Graphenea are known for pushing the barriers of graphene research. They have recently developed a Graphene FET (GFET) which is ready for immediate functionalization. This will save valuable research time and eliminate human error, making graphene research simpler and more efficient.
The origin of the field of nanotechnology to a famous lecture given by visionary physicist Richard Feynman back in 1959, entitled “There’s Plenty of Room At The Bottom,” – although at the time, the talk was considered speculative.
In order for it to be used in biosensor applications graphene must be modified to be blood compatible. Research in this area is currently taking place.
Nanotechnology is a branch of science dealing with the very small, smaller than the width of a human hair. But how can the very small be applied to the massive world of sports and can it really make the difference between winning and losing?
Materials with Similar Properties of Graphene
By Liji Thomas
Nanotechnology and Biotechnology - Similarities and Differences
Sport and nanotechnology: are the big sports looking to go small?
By Kerry Taylor-Smith
Is Nanotechnology Found in Food?
By Saransh Wales Maurya
How Does Nanotechnology Impact Medicine?
By Benedette Cuffari
What is Nanochemistry?
Tunable Optical Phenomenon in Graphene Could Lead to New Technologies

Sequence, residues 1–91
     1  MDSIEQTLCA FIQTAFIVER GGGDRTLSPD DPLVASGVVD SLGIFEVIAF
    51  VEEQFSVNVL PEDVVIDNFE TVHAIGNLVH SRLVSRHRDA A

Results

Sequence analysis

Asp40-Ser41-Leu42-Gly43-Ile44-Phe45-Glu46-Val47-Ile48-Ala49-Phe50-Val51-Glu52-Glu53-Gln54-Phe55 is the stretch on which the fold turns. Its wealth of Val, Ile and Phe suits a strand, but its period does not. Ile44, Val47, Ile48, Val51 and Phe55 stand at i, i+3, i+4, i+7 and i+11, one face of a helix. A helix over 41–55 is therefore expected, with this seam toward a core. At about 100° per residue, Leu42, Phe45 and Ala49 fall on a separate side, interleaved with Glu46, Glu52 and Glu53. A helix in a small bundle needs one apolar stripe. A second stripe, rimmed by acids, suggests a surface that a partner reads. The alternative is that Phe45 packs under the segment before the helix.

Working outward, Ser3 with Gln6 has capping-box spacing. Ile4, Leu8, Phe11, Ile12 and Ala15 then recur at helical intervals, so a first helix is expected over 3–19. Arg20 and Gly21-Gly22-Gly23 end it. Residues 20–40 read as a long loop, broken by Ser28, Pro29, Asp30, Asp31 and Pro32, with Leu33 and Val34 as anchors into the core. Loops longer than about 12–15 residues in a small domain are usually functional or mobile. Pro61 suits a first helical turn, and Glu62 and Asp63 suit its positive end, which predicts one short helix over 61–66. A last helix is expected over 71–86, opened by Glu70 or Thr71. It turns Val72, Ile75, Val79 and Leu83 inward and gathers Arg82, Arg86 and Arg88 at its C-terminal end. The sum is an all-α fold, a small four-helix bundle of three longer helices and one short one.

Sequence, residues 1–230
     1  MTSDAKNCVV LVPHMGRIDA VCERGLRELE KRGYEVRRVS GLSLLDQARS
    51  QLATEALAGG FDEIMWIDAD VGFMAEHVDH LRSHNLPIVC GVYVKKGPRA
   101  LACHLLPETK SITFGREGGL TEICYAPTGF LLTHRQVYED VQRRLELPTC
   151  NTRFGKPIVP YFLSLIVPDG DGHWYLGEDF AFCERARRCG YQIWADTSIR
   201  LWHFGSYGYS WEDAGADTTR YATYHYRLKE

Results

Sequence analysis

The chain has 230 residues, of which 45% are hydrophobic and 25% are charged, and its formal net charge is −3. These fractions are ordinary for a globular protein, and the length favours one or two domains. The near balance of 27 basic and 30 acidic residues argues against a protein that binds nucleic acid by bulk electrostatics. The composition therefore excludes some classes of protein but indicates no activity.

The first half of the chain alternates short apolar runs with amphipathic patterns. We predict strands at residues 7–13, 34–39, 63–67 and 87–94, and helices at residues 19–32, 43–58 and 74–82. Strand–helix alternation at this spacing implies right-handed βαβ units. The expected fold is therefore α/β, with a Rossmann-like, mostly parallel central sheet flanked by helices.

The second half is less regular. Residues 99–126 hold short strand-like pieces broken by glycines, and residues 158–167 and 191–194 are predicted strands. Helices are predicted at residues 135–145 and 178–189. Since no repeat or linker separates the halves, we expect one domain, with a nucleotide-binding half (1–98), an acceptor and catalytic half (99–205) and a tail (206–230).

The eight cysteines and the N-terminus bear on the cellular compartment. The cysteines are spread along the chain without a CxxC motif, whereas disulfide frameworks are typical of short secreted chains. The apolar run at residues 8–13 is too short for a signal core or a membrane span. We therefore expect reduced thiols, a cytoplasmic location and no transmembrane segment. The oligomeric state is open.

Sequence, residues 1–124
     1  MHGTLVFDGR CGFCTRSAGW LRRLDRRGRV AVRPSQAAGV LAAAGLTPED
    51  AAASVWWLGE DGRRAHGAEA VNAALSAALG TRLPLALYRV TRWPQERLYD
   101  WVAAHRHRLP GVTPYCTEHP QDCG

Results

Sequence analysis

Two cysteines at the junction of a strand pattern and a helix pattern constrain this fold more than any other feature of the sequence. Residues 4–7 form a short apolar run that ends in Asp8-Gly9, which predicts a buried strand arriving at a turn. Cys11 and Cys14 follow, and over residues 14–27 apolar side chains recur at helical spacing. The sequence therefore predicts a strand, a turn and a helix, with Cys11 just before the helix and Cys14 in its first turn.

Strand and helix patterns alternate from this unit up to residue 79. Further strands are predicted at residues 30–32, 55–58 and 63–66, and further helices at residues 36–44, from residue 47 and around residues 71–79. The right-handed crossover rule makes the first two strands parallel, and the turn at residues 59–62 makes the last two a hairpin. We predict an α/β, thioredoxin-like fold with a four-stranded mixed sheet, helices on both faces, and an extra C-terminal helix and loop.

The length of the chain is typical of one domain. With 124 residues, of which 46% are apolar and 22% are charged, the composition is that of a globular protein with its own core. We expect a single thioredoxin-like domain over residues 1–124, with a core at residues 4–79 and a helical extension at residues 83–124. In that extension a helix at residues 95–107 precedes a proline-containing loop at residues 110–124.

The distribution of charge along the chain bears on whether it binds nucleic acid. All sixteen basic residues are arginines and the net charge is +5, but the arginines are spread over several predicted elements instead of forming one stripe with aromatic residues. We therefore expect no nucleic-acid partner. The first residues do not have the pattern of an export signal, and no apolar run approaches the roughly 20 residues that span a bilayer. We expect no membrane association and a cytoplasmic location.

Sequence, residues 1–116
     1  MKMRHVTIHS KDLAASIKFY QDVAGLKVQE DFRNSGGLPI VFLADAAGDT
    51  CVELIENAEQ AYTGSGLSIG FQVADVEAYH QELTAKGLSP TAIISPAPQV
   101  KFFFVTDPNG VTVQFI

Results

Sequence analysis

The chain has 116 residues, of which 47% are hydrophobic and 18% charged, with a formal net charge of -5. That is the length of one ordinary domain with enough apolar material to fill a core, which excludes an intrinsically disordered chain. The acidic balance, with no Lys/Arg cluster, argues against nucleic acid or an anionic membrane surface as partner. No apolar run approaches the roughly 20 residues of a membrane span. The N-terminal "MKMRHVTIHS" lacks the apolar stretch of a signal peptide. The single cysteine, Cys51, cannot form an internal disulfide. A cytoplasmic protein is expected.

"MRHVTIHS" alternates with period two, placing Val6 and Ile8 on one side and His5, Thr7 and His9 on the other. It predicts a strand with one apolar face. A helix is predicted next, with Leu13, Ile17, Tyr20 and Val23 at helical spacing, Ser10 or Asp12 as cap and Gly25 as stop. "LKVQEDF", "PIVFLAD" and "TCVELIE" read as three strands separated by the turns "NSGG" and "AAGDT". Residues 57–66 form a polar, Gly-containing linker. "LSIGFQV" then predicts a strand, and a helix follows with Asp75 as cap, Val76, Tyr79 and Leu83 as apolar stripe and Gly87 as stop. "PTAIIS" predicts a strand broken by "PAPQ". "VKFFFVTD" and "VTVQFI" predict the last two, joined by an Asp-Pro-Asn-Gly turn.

PF-SNOM Characterization Technique Reveals 3D Shape of Polariton Interaction Around Nanostructures
New Method Manipulates Electrical Conductivity of Graphene with Pressure
New Transmission Electron Microscopy Method Establishes 3D Position of Individual Atoms
Looking to Organic Molecular Nanowires for Miniaturization of Electronic Devices
Nanomaterials Can Preserve Precious Works of Art
Nanoengineering Stronger Materials
Researchers Control Transport of Polyelectrolyte Molecule Through Protein Channel
In this interview Brian O'Connor speaks to AZoNano about how piezo controller design influences thermal stability.
Prof. Antje J. Baeumner
Novel Nanomaterials for improved food safety.
The Graphene Field Effect Transistors (GFETs) from Graphenea are designed exclusively for handling sensing applications.
The Helios G4 PFIB enables breakthroughs in innovation with DualBeam™ technology. It delivers unrivalled capabilities for large volume 3D characterization and is able to handle Ga+ free sample preparation and precise micromachining quickly and easily.
QPAC® 60 is made up of no less than 94% Poly(butylene carbonate) polymer and has less than 5% butylene carbonate and less than 1% (between 0.2%-0.8%) methylene chloride.
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